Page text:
Working to recover your child from autism is an emotional roller coaster.
With every success, your heart swells with pride, and you feel on top of the world. After all, every parent wants their child to be happy, healthy, and successful. For parents with autistic children, even small victories like sleeping through the night or eating a peaceful meal at a restaurant seem like a visit from Ed McMahon. There is an indescribable feeling of hope, where you allow yourself to think for just a moment, “Maybe…just maybe, everything is going to turn out alright.”
But for every success, there are also moments of pain, and I’m not talking about metaphorical pain. I am talking about gut-wrenching, heart-bursting pain, where every fiber of your being screams, “This just isn’t fair!” For me, these moments come right after the highest highs. Right when I think everything is going well, something happens that physically feels like a kick to the stomach.
This week, we’ve been working very hard at our house to identify foods that cause hyperactivity and/or aggression, so that we can eliminate them from Skyler’s diet. So far, we’ve eliminated dairy, artificial dyes, high phenol foods, and salicylates. This means I’ve patiently explained many, many times this week to Skyler that he can not have a piece of cheese, banana, apple, cookie, or other yummy items. Thankfully, Skyler has been very understanding and has gracefully taken the news like a much older, wiser child. But, I hate to take these things away from him; it seems so incredibly unfair. It’s even harder for his grandparents (especially his grandfather) to constantly deny him the foods he loves.
In situations like this, we are so very carefully balanced on an emotional precipice. We are working hard to appear strong and remain positive for Skyler, while on the inside, we are a wreck, wondering why Skyler has to go through all of this. Is it any wonder in these moments how horribly painful simple words from others can be? We know that Skyler has problems; he’s hyperactive and strong-willed. We accept that, and we are doing everything in our power to work on this. We’re not in denial. It’s not a fun situation for us OR for Skyler.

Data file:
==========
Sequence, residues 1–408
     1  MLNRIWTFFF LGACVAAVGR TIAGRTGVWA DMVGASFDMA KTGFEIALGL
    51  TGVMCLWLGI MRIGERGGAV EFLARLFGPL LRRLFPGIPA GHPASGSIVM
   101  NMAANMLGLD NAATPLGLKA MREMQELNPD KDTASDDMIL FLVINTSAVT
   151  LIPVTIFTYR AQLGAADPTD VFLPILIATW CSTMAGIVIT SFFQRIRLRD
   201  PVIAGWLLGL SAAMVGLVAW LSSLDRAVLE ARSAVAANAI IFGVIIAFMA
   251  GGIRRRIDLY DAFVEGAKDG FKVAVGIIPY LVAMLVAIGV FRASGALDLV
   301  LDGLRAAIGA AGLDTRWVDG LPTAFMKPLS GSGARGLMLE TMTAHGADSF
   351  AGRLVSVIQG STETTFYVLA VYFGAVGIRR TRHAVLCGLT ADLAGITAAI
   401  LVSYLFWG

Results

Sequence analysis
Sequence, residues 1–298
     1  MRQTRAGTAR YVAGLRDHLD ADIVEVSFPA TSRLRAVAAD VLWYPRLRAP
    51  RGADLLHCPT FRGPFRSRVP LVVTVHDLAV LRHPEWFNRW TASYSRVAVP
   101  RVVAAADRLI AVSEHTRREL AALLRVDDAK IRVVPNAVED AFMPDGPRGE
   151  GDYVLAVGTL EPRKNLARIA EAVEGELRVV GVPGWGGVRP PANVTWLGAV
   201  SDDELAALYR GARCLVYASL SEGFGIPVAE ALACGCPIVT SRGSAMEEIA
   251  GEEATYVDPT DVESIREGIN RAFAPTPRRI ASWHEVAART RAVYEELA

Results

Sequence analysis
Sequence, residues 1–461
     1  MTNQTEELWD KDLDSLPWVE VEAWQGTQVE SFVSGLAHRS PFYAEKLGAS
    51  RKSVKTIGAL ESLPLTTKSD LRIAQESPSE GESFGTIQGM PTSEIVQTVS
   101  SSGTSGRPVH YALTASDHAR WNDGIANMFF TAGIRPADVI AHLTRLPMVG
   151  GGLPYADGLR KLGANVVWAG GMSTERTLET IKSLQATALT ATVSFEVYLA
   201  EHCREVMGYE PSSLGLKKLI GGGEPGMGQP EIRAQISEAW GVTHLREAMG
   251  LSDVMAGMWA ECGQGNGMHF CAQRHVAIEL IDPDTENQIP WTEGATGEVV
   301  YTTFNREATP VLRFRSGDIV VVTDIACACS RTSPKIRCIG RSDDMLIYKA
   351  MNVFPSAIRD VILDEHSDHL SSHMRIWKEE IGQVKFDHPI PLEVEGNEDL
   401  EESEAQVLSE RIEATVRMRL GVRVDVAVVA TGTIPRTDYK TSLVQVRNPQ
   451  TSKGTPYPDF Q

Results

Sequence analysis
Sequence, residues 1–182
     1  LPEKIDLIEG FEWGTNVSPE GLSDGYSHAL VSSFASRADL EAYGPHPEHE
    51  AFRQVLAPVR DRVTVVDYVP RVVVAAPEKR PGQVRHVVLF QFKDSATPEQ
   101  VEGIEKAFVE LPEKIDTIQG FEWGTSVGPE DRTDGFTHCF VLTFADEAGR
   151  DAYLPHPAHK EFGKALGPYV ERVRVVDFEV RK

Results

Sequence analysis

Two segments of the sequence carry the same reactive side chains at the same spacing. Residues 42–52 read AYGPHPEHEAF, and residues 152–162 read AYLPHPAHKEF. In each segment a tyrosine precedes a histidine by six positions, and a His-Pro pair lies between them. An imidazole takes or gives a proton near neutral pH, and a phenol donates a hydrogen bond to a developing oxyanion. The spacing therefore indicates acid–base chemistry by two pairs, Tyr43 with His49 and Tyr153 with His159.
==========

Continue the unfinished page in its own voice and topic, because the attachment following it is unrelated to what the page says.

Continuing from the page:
So, when Skyler is not at the top of his game, those that work with him have two choices:
1. They can let us know about his behavior, while maintaining a positive attitude. An example of this comes from his classroom teacher when she says, “Skyler had a difficult day, but we love him, and I am sure tomorrow will be better.” Keeping positive can make all of the difference in the world for an emotional, frustrated, hurting parent. We want to know about the behaviors (we NEED to know about the behaviors), but we also want to hold onto the hope that everything is going to be alright.
2. They can simply focus on the negative behaviors or make snide remarks. Trust me when I say this is not the way to go. You might not think twice about your words, but sometimes a small comment is all it takes to send a parent over the edge. This has happened a few times lately, and unfortunately it sends both my mom and me into uncontrollable tears. It causes the physical, heart-stabbing pain that I mentioned earlier. It reminds us that everything we are doing (denying Skyler foods he loves, giving foul-tasting supplements, punishing him even when we feel his behavior is not under his control) is not fixing the problem. It reminds us that we’re simply putting a band-aid on top of the real problem, autism. It quenches hope for a better tomorrow.
I honestly think Autism Awareness is important in society, and that is why I write this post. I am not writing to vent or complain; I am writing to remind the world that we are trying. We are at home giving Epsom baths while you’re taking your child out for yogurt. We are at home administering Grapefruit Seed Extract (bleh!), Lithium Orotate, and probiotics while your child is eating Halloween candy. It’s not fun, and we are secretly jealous of all the things your child can do and experience that ours cannot.
Despite all this, we love Skyler unconditionally, just the way he is. Today at church, a sweet soul reminded me that Skyler is a gift from God. I believe that, and I am eternally grateful for this gift. I just wish other people could occasionally see him as the blessing he is. He is loving, incredibly humorous, smart, and free-spirited. There is so much good in him, and if people can’t see and acknowledge that, I feel sorry – not for us, but for them.